But AIG and Dexia are fundamentally different.  They don’t merely seek to stabilize; they seek to make private capital whole at the expense of the taxpayer.  Why should a capitalist society do this?  When we enter into a contract-any contract-with a third party-we take some degree of risk.  My parents owned a mom and pop pharmacy for thirty years.  They risked their own capital to buy goods.  When they handed someone his prescription, and that customer had a charge account, they trusted that person to pay them later.  When a charge account went delinquent, they ended up taking the loss.  No government agency came by with a check.  If that is true for a small hometown business, why shouldn’t it also be true for the mightiest of the mighty?  Why shouldn’t the shareholders of Goldman Sachs also be risking their capital when management enters into a contract that goes bad?

The same can be said of the pensioners in Rhode Island.  The balance here is a trickier one.  These are state promises to the individual-essentially deferred compensation.  Why aren’t pensioners entitled to 100 cents on the dollar? Well, in an ideal world, they should be.  The government has an obligation to keep its promises to its citizens.  It also has an equal obligation to maintain basic services and to treat all its citizens equally.  Just as it cannot morally ask pensioners to take nothing, it cannot ask taxpayers for a infinite amount. These are wrenching decisions-they aren't about how many billions in bonuses can be paid to senior management, but whether to close a firehouse or a library.   One hopes that reasonable people can sit down in a spirit of compromise to try to minimize the damage. 

One also hopes that our politicians are up to the task of making fair and prudent choices, although it is hard to have optimism at this point.  Both major parties are binary in their thinking.  The GOP position appears to be cut programs, pensions and entitlements because they are deemed unaffordable, and then plow the savings into tax cuts for the affluent on the dubious assumption that they  “create jobs.”  Then eliminate regulations on the financial services industry (so they can be free to fail again, with no risk to capital?).  The GOP views the European example as a vindication of their own view that the wealthy need even more (see Greg Mankiw, an economist currently advising Romney, in his opinion piece.) Democrats, in their own way, are just as bad-they seem unable to think about serious reforms, and if they are unable to think about it, then they cannot articulate it to those of their constituents who would have to make sacrifices.  You can’t have a “Grand Bargain” when neither party wants to negotiate.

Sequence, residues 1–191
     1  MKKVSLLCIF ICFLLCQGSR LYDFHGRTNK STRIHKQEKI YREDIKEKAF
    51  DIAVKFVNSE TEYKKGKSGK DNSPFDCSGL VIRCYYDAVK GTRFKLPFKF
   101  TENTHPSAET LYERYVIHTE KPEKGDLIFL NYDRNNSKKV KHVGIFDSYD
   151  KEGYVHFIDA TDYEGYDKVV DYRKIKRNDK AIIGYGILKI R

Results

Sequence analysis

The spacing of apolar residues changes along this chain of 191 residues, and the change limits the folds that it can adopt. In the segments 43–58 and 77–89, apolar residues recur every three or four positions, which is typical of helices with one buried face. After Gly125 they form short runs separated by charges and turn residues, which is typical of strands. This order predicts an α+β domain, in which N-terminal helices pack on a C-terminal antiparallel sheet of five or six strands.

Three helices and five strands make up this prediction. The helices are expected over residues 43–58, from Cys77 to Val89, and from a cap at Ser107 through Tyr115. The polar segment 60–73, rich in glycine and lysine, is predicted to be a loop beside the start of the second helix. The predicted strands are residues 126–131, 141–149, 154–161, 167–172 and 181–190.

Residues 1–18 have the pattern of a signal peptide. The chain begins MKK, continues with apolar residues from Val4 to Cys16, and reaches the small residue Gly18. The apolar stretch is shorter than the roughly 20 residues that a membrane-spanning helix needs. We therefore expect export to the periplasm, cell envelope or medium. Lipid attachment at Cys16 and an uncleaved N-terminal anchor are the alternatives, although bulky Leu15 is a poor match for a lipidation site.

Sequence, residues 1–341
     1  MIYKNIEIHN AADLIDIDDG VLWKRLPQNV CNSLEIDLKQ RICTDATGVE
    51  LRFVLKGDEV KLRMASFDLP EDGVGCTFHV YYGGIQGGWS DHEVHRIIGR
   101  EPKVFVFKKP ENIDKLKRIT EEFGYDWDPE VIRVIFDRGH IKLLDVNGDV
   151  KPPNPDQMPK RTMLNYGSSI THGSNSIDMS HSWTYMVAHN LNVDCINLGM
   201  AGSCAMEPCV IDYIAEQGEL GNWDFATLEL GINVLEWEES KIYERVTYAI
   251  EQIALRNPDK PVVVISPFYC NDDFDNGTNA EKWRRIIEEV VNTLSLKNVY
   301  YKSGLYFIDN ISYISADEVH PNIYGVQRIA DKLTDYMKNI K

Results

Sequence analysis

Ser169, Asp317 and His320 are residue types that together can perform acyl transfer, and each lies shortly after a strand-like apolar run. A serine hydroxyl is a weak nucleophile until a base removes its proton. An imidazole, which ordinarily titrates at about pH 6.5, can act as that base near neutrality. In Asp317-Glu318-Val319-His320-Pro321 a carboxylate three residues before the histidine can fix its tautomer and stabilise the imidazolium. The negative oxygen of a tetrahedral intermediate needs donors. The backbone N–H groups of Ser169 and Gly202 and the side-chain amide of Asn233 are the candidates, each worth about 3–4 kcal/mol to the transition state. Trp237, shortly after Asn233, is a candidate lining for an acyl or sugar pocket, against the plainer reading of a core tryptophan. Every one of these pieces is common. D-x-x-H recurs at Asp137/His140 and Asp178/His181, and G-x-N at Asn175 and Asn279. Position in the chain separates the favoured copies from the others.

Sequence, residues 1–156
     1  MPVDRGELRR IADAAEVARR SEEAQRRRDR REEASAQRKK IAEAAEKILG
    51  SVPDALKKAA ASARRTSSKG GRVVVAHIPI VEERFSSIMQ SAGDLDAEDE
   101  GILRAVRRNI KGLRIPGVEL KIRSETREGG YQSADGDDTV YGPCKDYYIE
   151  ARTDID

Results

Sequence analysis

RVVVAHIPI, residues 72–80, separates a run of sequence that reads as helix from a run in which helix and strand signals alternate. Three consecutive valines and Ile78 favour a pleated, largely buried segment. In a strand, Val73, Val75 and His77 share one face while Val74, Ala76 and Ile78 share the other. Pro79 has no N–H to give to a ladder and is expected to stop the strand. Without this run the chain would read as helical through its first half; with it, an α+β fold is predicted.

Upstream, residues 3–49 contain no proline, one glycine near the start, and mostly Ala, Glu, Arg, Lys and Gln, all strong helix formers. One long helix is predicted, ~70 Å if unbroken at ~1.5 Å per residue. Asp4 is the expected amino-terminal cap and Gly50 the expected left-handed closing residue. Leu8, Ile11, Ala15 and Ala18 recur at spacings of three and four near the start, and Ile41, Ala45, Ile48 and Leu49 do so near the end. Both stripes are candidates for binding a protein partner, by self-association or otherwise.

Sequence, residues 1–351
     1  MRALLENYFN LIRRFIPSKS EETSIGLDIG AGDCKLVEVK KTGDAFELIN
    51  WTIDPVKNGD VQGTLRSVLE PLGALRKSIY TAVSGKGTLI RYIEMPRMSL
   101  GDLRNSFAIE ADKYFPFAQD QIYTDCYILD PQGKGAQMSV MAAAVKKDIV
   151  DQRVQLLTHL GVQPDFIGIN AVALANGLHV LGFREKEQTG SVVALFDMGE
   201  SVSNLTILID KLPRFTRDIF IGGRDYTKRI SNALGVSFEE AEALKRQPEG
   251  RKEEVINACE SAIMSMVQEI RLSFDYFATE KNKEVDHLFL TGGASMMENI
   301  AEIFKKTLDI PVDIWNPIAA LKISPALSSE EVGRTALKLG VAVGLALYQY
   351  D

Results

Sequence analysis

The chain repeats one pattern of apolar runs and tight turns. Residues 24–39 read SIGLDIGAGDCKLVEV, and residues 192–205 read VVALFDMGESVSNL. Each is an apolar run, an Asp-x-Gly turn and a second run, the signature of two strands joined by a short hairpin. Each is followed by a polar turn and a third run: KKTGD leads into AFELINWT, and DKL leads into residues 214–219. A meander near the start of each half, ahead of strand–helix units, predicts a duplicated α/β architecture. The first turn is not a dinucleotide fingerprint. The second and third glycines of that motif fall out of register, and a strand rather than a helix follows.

That’s a real problem, because if we were to take a moment to look around us, the signs of instability are everywhere.  The Tea Party and OWS are sideshows compared to the riots going on in Europe right now.  If there’s strong medicine to be administered, there needs to be the perception that it is being doled out fairly. 

And yet, one wonders if there is the will to do this.  Who wins, and who loses?

At Dexia, we have the answer.  It's private capital at the expense of the public.  Alexandre Joly, the head of strategy, portfolios and market activities at Dexia, is quoted as saying that the idea of forcing Dexia’s trading partners to accept a discount on what they are owed “is a monstrous idea.”

A “monstrous idea?”  As monstrous as asking the public to pay for it?